During the last 10 to 15 years, complementary and alternative medicine (CAM) has become increasingly popular in the
US. Within this realm of health care, oral and topical herbal supplements have become some of the most frequently used
alternative therapies. Most herbal supplements are based on, or include, several botanical ingredients with long histories
of traditional or folk medicine usage. Among the numerous botanical ingredients available on the market today, several
are believed to confer dermatologic benefits. This article will focus on a select group of botanical compounds, many of
which have long traditions in Asian medicine, with potential or exhibited dermatologic applications, including curcumin,
Ginkgo biloba, ginseng, silymarin, soy, and tea tree oil. Other botanical agents, such as arnica, bromelain, chamomile, pomegranate,
caffeine, green tea, licorice, and resveratrol, are also briefly considered. Some of these ingredients have been incorporated
into topical formulations.
Gary D. Monheit MD, Chad L. Prather MD
Over the past decade, the use of nonsurgical products and devices to correct facial contour defects and signs of skin aging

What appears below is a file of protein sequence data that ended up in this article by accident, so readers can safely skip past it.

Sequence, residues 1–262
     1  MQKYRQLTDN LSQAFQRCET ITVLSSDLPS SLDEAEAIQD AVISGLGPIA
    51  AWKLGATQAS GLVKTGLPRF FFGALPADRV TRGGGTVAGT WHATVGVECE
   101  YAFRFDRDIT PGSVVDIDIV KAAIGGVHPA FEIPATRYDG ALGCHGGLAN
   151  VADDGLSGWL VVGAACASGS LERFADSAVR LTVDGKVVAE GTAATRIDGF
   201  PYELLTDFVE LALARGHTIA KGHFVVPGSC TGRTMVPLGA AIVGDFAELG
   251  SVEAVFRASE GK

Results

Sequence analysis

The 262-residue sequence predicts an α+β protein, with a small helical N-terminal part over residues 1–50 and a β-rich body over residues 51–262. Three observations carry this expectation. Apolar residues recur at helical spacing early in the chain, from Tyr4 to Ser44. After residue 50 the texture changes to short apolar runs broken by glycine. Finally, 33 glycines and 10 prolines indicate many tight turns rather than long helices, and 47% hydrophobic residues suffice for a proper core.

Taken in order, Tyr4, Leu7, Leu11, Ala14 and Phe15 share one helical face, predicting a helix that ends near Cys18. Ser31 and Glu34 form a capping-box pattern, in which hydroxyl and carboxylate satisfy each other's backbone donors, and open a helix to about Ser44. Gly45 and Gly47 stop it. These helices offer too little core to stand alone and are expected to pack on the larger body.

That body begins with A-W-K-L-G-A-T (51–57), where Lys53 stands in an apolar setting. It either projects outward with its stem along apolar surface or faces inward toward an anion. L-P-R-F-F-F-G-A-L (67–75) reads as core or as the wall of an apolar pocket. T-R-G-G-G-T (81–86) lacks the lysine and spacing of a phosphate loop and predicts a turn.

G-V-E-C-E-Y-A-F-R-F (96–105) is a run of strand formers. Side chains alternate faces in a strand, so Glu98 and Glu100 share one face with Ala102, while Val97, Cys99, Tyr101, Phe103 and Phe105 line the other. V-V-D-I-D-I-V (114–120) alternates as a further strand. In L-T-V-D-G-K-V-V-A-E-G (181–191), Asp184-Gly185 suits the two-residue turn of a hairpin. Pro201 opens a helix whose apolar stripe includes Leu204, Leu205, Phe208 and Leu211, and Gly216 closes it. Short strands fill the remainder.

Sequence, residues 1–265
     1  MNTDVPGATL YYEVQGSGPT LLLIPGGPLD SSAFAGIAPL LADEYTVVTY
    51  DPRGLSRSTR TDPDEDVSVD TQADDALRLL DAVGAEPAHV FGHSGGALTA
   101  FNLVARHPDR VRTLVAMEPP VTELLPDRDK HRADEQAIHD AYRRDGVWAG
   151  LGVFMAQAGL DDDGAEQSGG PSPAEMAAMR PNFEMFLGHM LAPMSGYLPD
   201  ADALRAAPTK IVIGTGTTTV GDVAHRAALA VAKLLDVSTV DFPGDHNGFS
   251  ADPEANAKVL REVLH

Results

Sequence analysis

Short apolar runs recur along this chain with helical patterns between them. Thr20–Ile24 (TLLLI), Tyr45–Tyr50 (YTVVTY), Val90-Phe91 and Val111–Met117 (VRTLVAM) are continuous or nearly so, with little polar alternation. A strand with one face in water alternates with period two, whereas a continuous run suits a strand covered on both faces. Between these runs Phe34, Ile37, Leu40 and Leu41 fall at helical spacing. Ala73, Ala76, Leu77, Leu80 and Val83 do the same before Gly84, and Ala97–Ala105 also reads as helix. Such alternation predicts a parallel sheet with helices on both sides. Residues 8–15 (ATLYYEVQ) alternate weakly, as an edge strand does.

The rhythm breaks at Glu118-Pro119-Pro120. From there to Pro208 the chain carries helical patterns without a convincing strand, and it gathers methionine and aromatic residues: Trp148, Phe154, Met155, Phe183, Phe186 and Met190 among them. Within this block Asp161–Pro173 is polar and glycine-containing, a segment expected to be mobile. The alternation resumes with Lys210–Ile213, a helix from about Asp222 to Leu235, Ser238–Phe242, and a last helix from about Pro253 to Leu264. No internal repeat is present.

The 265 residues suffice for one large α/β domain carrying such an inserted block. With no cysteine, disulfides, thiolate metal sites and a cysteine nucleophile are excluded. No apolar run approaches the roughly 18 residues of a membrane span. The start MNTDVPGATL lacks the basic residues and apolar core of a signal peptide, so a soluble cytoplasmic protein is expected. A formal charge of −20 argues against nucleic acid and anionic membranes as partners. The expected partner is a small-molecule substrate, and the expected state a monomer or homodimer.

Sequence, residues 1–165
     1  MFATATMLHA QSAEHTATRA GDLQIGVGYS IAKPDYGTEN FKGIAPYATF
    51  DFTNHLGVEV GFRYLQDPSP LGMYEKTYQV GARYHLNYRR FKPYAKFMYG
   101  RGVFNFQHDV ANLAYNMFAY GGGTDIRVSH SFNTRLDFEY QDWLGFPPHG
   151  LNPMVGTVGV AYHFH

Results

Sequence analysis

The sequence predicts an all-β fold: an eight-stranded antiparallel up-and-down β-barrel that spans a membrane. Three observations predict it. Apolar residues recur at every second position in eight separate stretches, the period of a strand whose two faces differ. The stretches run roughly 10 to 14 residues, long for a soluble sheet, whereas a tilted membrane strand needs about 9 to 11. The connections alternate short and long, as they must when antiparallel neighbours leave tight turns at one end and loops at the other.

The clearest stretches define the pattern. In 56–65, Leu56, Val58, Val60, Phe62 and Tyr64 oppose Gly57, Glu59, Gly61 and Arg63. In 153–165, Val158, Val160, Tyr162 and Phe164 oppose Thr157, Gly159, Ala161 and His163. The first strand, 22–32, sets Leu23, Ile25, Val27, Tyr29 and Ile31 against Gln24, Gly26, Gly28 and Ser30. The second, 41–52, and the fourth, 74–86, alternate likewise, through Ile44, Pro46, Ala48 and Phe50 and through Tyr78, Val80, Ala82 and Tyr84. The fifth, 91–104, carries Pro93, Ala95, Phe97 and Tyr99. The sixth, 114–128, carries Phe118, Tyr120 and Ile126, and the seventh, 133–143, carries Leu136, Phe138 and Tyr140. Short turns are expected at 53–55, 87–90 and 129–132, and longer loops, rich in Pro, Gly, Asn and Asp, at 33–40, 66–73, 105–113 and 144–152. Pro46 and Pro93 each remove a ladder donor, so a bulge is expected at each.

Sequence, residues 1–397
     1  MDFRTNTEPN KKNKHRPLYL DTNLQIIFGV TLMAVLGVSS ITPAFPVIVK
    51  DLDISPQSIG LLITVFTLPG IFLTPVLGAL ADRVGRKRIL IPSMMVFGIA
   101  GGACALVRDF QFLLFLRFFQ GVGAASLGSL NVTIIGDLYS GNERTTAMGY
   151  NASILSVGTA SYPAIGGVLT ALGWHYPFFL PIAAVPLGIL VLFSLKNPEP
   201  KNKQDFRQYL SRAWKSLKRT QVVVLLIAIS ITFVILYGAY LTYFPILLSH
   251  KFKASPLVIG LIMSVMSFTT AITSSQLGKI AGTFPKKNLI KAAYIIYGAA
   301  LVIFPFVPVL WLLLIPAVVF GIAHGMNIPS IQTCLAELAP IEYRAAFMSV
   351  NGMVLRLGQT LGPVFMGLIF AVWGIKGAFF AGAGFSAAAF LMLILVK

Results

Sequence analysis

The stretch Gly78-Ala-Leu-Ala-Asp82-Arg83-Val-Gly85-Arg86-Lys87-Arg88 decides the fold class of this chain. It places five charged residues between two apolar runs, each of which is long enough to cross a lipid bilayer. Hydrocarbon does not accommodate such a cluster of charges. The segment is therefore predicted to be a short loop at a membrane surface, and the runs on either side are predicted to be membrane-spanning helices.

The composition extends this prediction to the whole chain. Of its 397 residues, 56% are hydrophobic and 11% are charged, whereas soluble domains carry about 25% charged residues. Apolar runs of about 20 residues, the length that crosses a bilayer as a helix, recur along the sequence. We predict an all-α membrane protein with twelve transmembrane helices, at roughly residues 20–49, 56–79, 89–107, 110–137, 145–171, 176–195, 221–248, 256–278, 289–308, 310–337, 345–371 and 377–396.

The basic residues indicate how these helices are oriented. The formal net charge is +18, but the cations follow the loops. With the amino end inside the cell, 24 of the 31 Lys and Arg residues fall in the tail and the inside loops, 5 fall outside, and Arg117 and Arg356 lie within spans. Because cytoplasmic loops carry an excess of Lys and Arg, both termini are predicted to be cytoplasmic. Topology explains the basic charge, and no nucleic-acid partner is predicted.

has exploded with new lasers, toxins for muscle relaxation, and dermal fillers revolutionizing aesthetic medicine. Of all
the nonsurgical modalities employed during this period, the dermal filler industry has seen the most growth in demand.
In 2006, the worldwide market for dermal fillers increased by 19%; and the US market is expected to increase a further
20% to 25%.1 This is due in large part to new products, particularly the hyaluronic acids such as Juvéderm™, which now
promise greater longevity, fewer side effects, a more natural appearance, and easier administration.
Macrene Alexiades-Armenakas MD PhD
A near-infrared laser with the ability to target different depths within skin has been developed and evaluated for the application
of facial and neck skin tightening in a pilot clinical study. The device consists of a combination of a 1310-nm
wavelength and sapphire contact cooling. Cooling temperature and laser pulse duration were varied to target different
dermal depths in various subgroups of the subject population. Quantitative changes in various categories characterizing